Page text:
Good news – it’s a special issue
When reading sociologists, it’s hard not to get down. They’re usually so critical, so focused on what’s wrong. Racial inequality, sexism and rape, poverty and exploitation, heteronormativity — and, yes, extreme gender dimorphism. They’re dedicated to uncovering these injustices and analyzing why and under what conditions they come to be. This is very important work, but it can get to be, well, a bit much. That’s true even with us here at Contexts—in our first issue as an editorial team we had three articles on Ferguson, and pieces on racism in nightclubs, trailer park evictions, and how idealistic grassroots groups lose their imagination and their way. Not exactly the kind of stuff that puts a smile on your face or a spring in your step.
Well, that ends now! Ok, it doesn’t end. But for one very special issue of Contexts it does! Senior managing editor Letta Page asked if we can have an issue of what’s not wrong with the world stuff. Yes, yes we can. So we’re putting out the call and throwing down the gauntlet. Hear this well: an upcoming issue will be dedicated to Good News. Are there good news stories coming out of your research or activism? Have you used research to help change a public policy? Is something going right in the social world? We want to know!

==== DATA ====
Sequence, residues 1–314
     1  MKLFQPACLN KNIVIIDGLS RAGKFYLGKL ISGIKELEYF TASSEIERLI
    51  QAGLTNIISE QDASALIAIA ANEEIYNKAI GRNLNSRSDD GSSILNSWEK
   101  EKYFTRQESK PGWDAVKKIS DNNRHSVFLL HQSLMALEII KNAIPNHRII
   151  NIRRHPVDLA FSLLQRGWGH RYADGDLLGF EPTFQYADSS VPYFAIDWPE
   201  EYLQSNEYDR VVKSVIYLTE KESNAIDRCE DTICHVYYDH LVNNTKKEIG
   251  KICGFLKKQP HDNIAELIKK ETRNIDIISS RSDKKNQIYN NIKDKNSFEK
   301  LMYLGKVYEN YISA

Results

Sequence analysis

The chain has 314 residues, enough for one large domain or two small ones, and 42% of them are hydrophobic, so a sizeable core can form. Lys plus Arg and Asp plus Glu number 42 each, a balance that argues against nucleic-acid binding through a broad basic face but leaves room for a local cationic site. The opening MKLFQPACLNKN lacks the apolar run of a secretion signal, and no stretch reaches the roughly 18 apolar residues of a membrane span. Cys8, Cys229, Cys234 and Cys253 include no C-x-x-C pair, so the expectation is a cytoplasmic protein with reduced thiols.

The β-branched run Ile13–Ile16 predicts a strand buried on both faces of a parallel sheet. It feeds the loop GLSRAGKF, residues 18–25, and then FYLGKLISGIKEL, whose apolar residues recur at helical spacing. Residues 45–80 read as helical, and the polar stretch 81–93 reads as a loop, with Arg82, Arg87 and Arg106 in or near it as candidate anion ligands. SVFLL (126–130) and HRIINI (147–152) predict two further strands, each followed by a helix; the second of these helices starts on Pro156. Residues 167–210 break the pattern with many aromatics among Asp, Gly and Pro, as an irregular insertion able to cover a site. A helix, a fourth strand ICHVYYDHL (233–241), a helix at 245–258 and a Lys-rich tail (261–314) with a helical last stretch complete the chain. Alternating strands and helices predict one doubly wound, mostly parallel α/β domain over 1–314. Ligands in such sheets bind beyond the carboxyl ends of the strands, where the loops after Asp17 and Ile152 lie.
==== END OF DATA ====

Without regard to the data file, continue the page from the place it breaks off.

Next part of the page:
“But, but, but,” you protest, “the world is complex and nothing is all positive!” Good point. (Good sociologist, yes you are!) Of course there’s always a downside. But for once, we’re focusing on the good news. “Hey, the notion of good news is socially constructed, so what do you mean by good news anyways?” Another good point. We leave it to the author to explain why what they’re describing is good news—and we don’t all have to agree on what’s good. Make your case.
Possible examples: what can sociologists tell us about crime dropping, or about wage gaps shrinking? How about the success of at-risk kids or inclusivity initiatives in schools? Marriage equality? We would love to see long-term stuff too, like how the GI Bill opened up the middle class. Or where “mixed income” residential planning has worked, holding gentrification at bay and keeping original residents in place while also improving infrastructure and diversifying underused areas. To name a few.
There’ll always be problems in the world, but for this issue we’ve gone in search of some sociology of the A-OK.
So start thinking, and start pitching soon. If you want to be able to share your good news in Contexts, you have to share your proposals with us by June 1.